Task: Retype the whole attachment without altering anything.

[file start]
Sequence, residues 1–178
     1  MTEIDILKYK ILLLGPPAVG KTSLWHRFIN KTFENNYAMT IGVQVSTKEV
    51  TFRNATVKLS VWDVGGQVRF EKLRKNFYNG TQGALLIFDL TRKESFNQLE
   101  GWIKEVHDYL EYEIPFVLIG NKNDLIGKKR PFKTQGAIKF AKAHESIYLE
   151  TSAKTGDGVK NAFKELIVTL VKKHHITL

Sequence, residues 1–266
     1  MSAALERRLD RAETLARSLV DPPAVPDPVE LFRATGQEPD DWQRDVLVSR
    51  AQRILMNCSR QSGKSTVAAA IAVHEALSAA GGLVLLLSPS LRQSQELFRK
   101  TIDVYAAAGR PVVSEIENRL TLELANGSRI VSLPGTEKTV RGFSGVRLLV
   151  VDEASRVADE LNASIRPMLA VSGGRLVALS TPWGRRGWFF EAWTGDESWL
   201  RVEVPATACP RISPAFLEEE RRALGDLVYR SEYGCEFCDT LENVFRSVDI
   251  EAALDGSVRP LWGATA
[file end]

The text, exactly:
Sequence, residues 1–178
     1  MTEIDILKYK ILLLGPPAVG KTSLWHRFIN KTFENNYAMT IGVQVSTKEV
    51  TFRNATVKLS VWDVGGQVRF EKLRKNFYNG TQGALLIFDL TRKESFNQLE
   101  GWIKEVHDYL EYEIPFVLIG NKNDLIGKKR PFKTQGAIKF AKAHESIYLE
   151  TSAKTGDGVK NAFKELIVTL VKKHHITL

Sequence, residues 1–266
     1  MSAALERRLD RAETLARSLV DPPAVPDPVE LFRATGQEPD DWQRDVLVSR
    51  AQRILMNCSR QSGKSTVAAA IAVHEALSAA GGLVLLLSPS LRQSQELFRK
   101  TIDVYAAAGR PVVSEIENRL TLELANGSRI VSLPGTEKTV RGFSGVRLLV
   151  VDEASRVADE LNASIRPMLA VSGGRLVALS TPWGRRGWFF EAWTGDESWL
   201  RVEVPATACP RISPAFLEEE RRALGDLVYR SEYGCEFCDT LENVFRSVDI
   251  EAALDGSVRP LWGATA